We slipped through a portal to the past in the magical New Orleans French Quarter

We were stumbling along on a stifling hot steamy day in the heart of the historic French Quarter in New Orleans. Despite the miserable conditions, the magical old place had us held tight in its grip and we just couldn’t get enough.

On this particular day, we were exploring near the corner of Conti (pronounced by locals Kontī) and Chartres when we discovered a little courtyard style alley. It was a shady brick space with shops and SHADE!

We meandered up a little ways and found some inviting open French doors on our right. There were two gentleman in a workshop that looked as if it were teleported from many years ago. They were crafting copper gas lanterns using some more traditional looking simple tool methods and some modern conveniences like a power drill.

a portal to the past

a portal to the past in the form of some french doors off a passageway in historic New Orleans

simple tool

simple tool

simple beauty

simple beauty

craftsman 2 bending the petals

craftsman 2 bending the petals

craftsman 1 drilling the frames

craftsman 1 drilling the frames

not finished yet but already beautiful It was so much fun to watch. The room could accommodate quite an audience but we were the only two there. When we’d seen enough, we walked deeper into the building and discovered their galleries displaying all of the various styles available. So very beautiful.

like a museum

like a museum

bevolo gas and electric lightsThis is a great free cultural activity with a real French Quarter flair.

 In my opinion, it’s likely to please most any age and makes a great travel tip for anyone coming to visit beautiful New Orleans where Southern Hospitality is alive and well.  


A California Coastal Gem called Carpenteria

Who hasn’t heard of Santa Barbara and Ventura California? But Carpenteria was new to me and I am so glad for the introduction.  It came as a recommendation of a seasoned nomadic adventurer who was considering settling down there.  We spent the night on the side of a downtown street near the Amtrak station and took a morning stroll down to the ocean.DSC_0829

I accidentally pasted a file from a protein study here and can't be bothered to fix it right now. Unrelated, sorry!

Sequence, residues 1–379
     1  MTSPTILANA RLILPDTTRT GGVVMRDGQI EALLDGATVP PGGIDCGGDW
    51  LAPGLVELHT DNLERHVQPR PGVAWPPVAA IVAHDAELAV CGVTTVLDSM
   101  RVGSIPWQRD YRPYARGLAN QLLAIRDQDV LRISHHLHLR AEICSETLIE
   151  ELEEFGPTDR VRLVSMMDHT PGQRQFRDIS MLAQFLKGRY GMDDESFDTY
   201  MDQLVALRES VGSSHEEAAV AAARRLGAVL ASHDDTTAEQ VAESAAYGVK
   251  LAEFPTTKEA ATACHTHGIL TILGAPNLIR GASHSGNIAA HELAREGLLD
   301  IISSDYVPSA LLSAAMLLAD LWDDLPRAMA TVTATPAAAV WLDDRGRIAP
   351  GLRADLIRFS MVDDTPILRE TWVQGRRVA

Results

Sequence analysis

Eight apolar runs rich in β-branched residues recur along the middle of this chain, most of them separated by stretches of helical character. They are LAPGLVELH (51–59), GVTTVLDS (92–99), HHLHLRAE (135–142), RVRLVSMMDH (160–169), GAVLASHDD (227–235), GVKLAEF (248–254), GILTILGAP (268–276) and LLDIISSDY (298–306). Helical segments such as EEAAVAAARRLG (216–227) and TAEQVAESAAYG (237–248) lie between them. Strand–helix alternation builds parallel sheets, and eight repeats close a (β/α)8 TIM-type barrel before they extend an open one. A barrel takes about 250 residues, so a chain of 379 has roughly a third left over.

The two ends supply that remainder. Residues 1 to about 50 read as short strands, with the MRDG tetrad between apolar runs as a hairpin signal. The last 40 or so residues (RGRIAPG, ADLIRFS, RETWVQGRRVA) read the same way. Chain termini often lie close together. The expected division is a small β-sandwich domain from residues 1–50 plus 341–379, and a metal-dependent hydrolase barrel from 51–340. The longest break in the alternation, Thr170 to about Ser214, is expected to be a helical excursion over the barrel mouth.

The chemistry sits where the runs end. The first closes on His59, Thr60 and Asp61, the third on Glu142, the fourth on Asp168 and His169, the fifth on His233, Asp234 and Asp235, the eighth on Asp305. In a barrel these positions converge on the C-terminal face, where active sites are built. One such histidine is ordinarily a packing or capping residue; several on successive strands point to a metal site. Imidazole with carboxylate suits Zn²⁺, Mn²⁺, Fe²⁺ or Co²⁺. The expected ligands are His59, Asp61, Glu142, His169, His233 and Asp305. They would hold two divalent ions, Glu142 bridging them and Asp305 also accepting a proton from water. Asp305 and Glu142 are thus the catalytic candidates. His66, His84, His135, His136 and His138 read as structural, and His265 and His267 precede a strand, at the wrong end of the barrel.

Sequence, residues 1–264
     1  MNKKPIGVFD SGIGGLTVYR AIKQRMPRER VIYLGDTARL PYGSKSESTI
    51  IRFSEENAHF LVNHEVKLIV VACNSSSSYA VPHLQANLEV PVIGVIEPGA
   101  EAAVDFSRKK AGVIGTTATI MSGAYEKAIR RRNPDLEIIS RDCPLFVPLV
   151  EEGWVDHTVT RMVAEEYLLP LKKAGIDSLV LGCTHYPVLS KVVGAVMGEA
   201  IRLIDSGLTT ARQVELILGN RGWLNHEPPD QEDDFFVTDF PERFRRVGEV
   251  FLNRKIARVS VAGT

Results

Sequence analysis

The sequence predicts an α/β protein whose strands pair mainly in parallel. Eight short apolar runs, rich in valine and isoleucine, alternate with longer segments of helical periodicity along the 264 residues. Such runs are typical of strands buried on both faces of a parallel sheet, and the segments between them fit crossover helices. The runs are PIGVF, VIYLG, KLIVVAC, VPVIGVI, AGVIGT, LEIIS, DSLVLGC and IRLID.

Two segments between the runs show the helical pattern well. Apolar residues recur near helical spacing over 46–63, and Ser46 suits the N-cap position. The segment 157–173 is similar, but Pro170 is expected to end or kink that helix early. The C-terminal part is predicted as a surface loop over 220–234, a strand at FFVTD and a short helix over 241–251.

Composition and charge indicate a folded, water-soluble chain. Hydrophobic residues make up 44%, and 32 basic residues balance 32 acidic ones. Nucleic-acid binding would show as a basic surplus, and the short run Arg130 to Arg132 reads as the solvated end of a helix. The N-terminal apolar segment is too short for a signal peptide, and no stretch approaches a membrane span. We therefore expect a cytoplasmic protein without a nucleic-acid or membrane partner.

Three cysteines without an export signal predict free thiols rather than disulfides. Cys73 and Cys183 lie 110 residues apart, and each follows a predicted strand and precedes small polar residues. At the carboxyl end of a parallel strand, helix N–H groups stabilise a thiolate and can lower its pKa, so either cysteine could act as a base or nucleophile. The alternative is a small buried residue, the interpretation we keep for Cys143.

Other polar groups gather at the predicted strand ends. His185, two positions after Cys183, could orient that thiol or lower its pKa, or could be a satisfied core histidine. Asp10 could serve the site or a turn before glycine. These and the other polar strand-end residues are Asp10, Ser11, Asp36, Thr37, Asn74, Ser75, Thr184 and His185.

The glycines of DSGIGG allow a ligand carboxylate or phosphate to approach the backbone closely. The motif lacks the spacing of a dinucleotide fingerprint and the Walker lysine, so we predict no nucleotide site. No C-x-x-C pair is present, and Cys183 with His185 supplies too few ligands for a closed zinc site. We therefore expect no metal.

This is the little town of Carpenteria between Santa Barbara and Ventura just a short ways from LA

Here's the shady spot where we spent the night near a charming train station then strolled up a short way to the beach the next morning.

Here’s the shady spot where we spent the night near a charming train station then strolled up a short way to the beach the next morning.

This is the short photo safari I took while on our stroll.

DSC_0830 DSC_0831 DSC_0832 DSC_0833 DSC_0834 DSC_0835 DSC_0839 DSC_0840 DSC_0841I especially love the interpretive playground where kids can pretend they are Chumash Indians and/or sea dwelling creatures.  It is so well done.  A great little community asset.  The area was delightfully quiet and quaint with a very friendly feel.  For fun loving traveling families looking for simple pleasures this spot is a winner.

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Learning to be a bolder photographer at the Deer Lodge in Ojai

The Ojai Deer Lodge is quite iconic with the locals.  A bit farther out, for me it involves a ride on Trolley B, a trek down a neighborhood street then a short hike up Hwy 33 then there it is.

Day hours will often find bikers and hikers lounging in groups on the sunny patio equipped for brisk days with several towering heaters.  There seems to always be a night scene as well with diners eating everything from wild boar to steaks to lentil loaf for those of us going for the green.  The staff appears eager to please if not necessarily well trained in the details of the higher end experience.  They make up for it in friendliness.

It’s a bit spendy, as they say here, but not more than seems typical for the area.  The vouchers I received as pay for the photo shoot were worth $15 ea and I had no trouble finding something good both times that fit within that budget.  Once I had stuffed mushrooms and French onion soup and another a lentil loaf sandwich on marbled rye with a salad.  All tasty and fresh.  Well drinks were $5. Beer $4. There’s a wine list and you can buy California’s pride by the bottle or glass.

The place has a spacious, earthy rough and tumble feel to it.  The napkins are crisp and white.  The walls are stout supporting a heavy frame with beams and the like.  There’s a sense of lots of rough stone and wood.  The locals describe it as a road house.  A place that saw a lot rowdier scene “back in the day”.  A place where hunters and fisherman liked to come wet their whistle and let their hair down.  Some get almost teary eyed when they harken back to the wilder days.

But most of Ojai seems quite happy to have the Deer Lodge of today.  A place where they can get with friends and linger over a good meal, watch live entertainment several nights a week or sit outside with their pets and relax on the patio gazing at the mountains with the sounds of fun and music in the background.

Here are some of the people I met and things I saw at the Deer Lodge.  Some of the pics were part of the room and board trade I had worked out with the owner, Tom Doody.  A good photographer in his own right (there’s a large dramatic horse scene prominently displayed in the restaurant that’s his work), I was honored that he provided me this opportunity.  At one point the singer asked me if I was with the LA Times hahah  I’ve learned that I do have to be bold and assertive to get good candid or posed shots.  It’s given me a great excuse to meet people; like I really needed one!  haha

Hope you enjoy…


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